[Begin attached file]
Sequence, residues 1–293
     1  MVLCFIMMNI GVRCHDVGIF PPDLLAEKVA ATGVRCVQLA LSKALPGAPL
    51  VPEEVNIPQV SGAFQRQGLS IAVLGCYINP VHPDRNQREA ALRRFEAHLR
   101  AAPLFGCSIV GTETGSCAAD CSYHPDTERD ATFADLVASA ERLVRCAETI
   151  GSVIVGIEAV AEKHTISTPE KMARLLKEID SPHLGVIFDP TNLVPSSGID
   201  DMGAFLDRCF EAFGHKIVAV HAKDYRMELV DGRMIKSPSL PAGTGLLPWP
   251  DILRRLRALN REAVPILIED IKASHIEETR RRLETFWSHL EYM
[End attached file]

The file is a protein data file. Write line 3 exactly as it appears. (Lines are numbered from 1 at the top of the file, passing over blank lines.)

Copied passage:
    51  VPEEVNIPQV SGAFQRQGLS IAVLGCYINP VHPDRNQREA ALRRFEAHLR